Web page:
But rock & roll to me is communication. I don't just mean communication of ideas, but communication of feelings. The bands I was into when I was younger were the ones where you'd listen and get a feeling about the person, whether it was John Lennon or Marvin Gaye or Patti Smith or Lou Reed. That's the most important thing in rock & roll. It's not necessarily that your idea is great, but that it's your idea. That's why when we write songs, we don't sit down and say, 'Let's write a song about this because this is an important issue now.' We write a song because we feel we have something to say.

People always ask us if we think our songs can really change anything. And I always say that's not why we wrote the songs. We didn't write them so they would change the situation. I think it would be too much to expect that. But they might make people think for a second, in the same way that we stop and think.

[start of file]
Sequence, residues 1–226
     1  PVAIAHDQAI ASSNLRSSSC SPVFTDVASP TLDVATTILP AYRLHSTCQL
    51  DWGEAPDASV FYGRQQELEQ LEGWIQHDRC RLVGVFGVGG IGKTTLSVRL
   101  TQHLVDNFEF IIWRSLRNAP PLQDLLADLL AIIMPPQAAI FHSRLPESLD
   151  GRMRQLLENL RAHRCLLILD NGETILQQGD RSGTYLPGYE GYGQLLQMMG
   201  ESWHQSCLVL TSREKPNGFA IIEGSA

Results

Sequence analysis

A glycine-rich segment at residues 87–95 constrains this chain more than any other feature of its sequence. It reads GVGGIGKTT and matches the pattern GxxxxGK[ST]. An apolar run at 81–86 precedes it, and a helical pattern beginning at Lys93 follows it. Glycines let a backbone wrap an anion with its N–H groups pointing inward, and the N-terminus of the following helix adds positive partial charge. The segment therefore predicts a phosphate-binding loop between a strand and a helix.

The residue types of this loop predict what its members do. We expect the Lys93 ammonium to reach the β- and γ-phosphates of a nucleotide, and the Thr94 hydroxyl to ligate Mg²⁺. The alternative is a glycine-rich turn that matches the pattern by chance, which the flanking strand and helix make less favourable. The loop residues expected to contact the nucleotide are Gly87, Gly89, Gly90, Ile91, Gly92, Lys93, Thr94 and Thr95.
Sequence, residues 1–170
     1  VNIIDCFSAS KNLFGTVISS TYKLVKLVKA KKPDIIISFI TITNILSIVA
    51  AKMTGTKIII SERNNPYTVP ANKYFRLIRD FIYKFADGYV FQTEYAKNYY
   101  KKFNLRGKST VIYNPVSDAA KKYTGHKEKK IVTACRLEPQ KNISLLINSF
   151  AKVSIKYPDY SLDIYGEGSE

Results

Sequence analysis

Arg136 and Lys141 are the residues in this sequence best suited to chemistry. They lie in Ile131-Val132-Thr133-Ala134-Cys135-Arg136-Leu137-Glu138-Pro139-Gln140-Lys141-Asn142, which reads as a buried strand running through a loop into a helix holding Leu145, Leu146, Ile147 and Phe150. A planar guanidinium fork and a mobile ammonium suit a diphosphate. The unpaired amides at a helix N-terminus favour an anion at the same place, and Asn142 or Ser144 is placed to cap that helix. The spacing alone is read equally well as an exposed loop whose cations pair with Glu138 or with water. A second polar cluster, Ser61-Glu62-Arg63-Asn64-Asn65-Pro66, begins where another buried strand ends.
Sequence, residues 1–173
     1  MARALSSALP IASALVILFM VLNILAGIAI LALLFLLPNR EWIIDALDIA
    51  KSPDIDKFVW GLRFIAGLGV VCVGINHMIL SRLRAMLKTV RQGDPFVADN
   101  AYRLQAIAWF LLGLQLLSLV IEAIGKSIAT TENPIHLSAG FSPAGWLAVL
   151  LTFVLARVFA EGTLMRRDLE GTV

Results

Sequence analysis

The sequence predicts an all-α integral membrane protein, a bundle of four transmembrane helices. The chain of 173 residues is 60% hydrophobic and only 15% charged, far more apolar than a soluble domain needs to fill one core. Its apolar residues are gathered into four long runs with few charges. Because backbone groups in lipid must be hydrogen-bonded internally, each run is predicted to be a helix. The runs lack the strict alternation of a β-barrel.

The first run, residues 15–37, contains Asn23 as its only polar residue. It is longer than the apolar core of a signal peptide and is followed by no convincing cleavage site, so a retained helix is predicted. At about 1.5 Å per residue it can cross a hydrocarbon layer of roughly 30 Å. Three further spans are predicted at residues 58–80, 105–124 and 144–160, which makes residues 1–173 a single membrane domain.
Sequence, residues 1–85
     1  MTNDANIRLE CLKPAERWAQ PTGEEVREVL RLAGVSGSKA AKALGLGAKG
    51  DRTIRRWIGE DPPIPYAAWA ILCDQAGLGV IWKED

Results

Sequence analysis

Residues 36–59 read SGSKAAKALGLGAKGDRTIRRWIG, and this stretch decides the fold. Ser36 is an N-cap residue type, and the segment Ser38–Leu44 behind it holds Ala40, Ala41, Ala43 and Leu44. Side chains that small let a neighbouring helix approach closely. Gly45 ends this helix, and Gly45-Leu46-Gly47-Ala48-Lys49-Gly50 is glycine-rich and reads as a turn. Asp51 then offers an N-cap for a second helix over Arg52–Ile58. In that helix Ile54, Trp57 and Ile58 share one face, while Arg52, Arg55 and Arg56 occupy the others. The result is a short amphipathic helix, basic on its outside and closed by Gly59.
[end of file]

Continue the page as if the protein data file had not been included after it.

It always seemed that U2 was determined to become a big group. When I interviewed Bono in 1980, he told me, "I do feel that we are meant to be one of the great groups," and he compared the band to the Beatles, the Stones and the Who.
Well, Adam [Clayton] and Bono used to say that a lot — and I used to believe them. We assumed it, in a weird way, and I don't know why. We assumed that we would achieve commercial success, and we never had any kind of problem in going out and working for success, going for it. And therefore that really wasn't a big issue. What was more important was achieving musical success, and we're still trying to get that. I mean, we're getting closer with each record.

Though Bono writes the bulk of the band's lyrics, I understand that it was your idea to write a song about the strife in Northern Ireland, which turned out to be "Sunday Bloody Sunday."